Ranch Horse Aggies ride in fall finale
By Mary Crawford, NCTA News
Collegiate riders aboard experienced and young horses, alike, are setting goals and gaining experience in the ranch horse arena.
Training and riding either their own horse or a borrowed mount, Aggie students on the NCTA Ranch Horse Team, recently competed in a two-day season finale at Torrington, Wyoming.
Four of the eight Aggies from the Nebraska College of Technical Agriculture team were introduced to their first collegiate show.
Newcomers were Casey Podsobinski of Maywood and her mare Dixie Darlin; Gwen Olberding of Falls City and her mare I Make It Look Easy; Kirstin Cawthra of Benkelman and her gelding Oxbows Dynamite; and Emma Yarolimek of Papillion and her mare Missouri.
“We start these horses off in two classes and work up to all four at subsequent shows,” explains Joanna Hergenreder, NCTA associate professor and Ranch Horse Team coach. “They had a wonderful first go and will be strong duos that we look forward to seeing excel.”
Ranch Horse contests are comprised of four classes: Reining, Working Cow, which tests the athletic training of horse and rider in maneuvering a cow along the rail of the pen or arena; Western Pleasure, and Trail Course of obstacles and features commonly found in ranch work.
With previous show experience in youth programs, Olberding tried all four classes and won 7th place in pleasure.
Yarolimek, who hadn’t entered any equine competitions previously, got her project mare “Missouri” this summer. She discovered NCTA in April, from a family friend who lives in Omaha. During a campus visit that month, Yarolimek says she fell in love with the campus and equine programs.
“I was a very easily intimidated person about performance class. I wasn’t sure I was ready to go out and compete,” she said. “But I worked very hard with my horse. I owe a lot to Jo; she is a very good coach.”
Yarolimek was composed during her foray into the show ring, but Missouri had jitters. Teammates helped calm the mare so the pair could step into the arena and complete the pleasure class pattern.
“I’ve been able to see a lot of progress this semester. I look forward to learning more about equine industry management next year,” Yarolimek added. “Everyone at NCTA has been so welcoming and helpful.”
Hard work pays off
Team leader Cauy Bennett of Elwood rode his mare, Katy Sugar Lena, to the All-Around title in Collegiate Non-Pro division. They placed first in working cow and pleasure classes, and second in reining and trail course classes.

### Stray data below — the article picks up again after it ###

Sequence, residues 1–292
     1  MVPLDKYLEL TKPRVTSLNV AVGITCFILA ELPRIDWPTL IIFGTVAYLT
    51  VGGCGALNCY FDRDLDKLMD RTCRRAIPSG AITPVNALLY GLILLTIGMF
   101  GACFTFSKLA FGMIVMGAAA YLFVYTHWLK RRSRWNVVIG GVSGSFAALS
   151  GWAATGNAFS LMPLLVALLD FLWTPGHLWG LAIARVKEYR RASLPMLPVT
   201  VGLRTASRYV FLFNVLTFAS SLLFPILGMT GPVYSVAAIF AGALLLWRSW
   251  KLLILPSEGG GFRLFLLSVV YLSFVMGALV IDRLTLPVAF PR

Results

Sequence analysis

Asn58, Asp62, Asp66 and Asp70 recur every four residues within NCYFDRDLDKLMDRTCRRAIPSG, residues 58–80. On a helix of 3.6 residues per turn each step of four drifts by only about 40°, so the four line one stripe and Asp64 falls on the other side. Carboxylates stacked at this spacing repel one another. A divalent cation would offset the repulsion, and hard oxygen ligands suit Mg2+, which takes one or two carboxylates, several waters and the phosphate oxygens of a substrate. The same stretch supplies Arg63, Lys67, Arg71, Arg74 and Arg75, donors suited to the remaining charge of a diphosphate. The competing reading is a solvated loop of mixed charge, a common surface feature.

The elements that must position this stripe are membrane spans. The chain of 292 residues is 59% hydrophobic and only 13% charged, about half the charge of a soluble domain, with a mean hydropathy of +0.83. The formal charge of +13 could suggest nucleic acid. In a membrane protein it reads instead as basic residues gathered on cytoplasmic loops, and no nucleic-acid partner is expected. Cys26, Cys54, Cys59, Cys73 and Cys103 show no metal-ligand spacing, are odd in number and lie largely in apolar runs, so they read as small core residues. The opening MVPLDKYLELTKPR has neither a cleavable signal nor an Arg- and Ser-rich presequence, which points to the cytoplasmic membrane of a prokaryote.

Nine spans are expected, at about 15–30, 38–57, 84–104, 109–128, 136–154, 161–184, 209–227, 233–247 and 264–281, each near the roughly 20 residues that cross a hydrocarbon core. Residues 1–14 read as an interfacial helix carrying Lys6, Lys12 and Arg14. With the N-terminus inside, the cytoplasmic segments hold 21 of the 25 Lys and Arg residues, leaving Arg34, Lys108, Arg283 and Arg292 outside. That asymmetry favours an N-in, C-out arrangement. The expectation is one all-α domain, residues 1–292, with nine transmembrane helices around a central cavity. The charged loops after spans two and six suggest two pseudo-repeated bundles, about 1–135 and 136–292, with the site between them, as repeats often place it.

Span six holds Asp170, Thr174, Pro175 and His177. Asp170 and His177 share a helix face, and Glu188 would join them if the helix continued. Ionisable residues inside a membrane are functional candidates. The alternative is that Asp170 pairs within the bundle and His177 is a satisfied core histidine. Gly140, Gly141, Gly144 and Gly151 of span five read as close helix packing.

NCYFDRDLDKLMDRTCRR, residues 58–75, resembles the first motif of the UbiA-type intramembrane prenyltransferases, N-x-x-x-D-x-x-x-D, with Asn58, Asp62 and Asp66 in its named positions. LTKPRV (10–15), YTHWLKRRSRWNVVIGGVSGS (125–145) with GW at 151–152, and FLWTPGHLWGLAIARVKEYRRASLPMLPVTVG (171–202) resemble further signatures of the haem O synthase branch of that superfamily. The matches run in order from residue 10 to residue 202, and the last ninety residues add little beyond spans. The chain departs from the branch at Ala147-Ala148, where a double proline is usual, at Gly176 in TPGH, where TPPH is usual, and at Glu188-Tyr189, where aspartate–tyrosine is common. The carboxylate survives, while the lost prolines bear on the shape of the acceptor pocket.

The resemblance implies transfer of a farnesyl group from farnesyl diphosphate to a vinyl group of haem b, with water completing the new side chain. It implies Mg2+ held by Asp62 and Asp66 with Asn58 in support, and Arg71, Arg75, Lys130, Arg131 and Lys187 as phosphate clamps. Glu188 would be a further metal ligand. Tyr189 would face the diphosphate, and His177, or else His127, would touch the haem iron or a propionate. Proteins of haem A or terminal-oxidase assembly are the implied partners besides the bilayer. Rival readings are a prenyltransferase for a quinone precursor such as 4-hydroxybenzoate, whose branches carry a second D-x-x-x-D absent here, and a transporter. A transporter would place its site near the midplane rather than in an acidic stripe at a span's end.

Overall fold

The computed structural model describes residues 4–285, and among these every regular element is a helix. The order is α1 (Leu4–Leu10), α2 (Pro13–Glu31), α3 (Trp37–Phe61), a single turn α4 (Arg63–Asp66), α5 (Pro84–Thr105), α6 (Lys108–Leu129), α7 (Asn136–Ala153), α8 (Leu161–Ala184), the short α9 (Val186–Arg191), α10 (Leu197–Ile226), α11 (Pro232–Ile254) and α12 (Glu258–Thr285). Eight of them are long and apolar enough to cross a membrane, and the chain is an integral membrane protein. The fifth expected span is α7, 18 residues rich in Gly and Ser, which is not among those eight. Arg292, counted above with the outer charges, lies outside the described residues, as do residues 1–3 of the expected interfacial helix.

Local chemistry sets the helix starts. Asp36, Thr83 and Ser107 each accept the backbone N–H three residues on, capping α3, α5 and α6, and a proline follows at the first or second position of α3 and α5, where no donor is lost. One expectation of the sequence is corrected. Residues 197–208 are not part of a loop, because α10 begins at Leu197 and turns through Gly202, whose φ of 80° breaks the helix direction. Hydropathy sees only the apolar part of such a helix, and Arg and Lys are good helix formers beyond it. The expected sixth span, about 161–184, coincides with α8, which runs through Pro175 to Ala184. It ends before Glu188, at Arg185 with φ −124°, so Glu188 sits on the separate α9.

Macy Zentner, Cedar Rapids, and Blue had a strong show after having had a few weeks off. The duo competed in Collegiate Limited Non-Pro and were reserve champions in trail, 6th in reining, and 7th in both working cow and pleasure.
Jessica Burghardt, Fedora, S.D., and PR Remake or “Rem”, competed in Collegiate Novice. They placed 11th in both working cow and reining.
Alaska to Curtis
Gillian Brinker of Anchorage, Alaska, riding Big Gem Surprise, also competed in the Collegiate Novice division. She was 6th in the all-around of the four classes at 4th in reining, 8th in pleasure, 10th in trail and tied for 11th in working cow.
“The high point of my weekend in Torrington was probably the growth we all saw as a team both in the arena and out,” said Brinker. “I love the positivity of this team as well as how much I can learn from watching them all compete.”
Brinker has been around horses most of her life. An equine industry management major who also is earning a certificate in equine training, will graduate in May.
She rides Gem, an NCTA-owned gelding, and for the first time, at Torrington, they competed in all four classes. Her mother and grandmother flew from Hawaii to see her first collegiate show.
“It was pretty incredible to place 4th out of 25 in the collegiate novice division for reining and the support I felt from the team after receiving that placing.”
Traveling fan club
Team camaraderie and support from family members, alumni and local friends makes a difference.
“It was a pretty neat as multiple parents from around the country and friends from Curtis made it out to watch this group,” Hergenreder added. “It was special to have that many folks travel that far to support the kids.”
The season ended with a horsemanship and reining clinic in Curtis. Already, they’ve booked professional trainer and clinician Sherman Tegtmeier to return in March for more team training.
The team will travel to several winter shows next semester. They host the NCTA Punchy in Pink Spring Round Up on April 7-10 in McCook. They expect to draw more than 100 exhibitors and horses with the multi-state event.
Registration details will be available from Slidin’ Daze, Versatility Ranch Horse Competition of the American Quarter Horse Association, and Coach Hergenreder at firstname.lastname@example.org.
Aggies in the photo (L-R): Connor Crumbliss, Fairfield; Gwen Olberding, Falls City; Kirstin Cawthra, Benkelman; Gillian Brinker, Anchorage, Alaska; Emma Yarolimek, Papillion; Casey Podsobinski, Maywood; Jessica Burghardt, Fedora S.D.; Macy Zentner, Cedar Rapids; and Cauy Bennett, Elwood.
Part of the University of Nebraska system, the Nebraska College of Technical Agriculture is a two-year institution with a statewide mission of preparing students for successful careers in agriculture, veterinary technology and related industries. NCTA is known for its affordable tuition, high job-placement rate for its graduates, and for the success of student teams in competitive activities including crops judging, ranch horse events, livestock judging, shotgun sports, stock dog trials, and intercollegiate rodeo. The college is consistently ranked as one of the best two-year schools in the nation.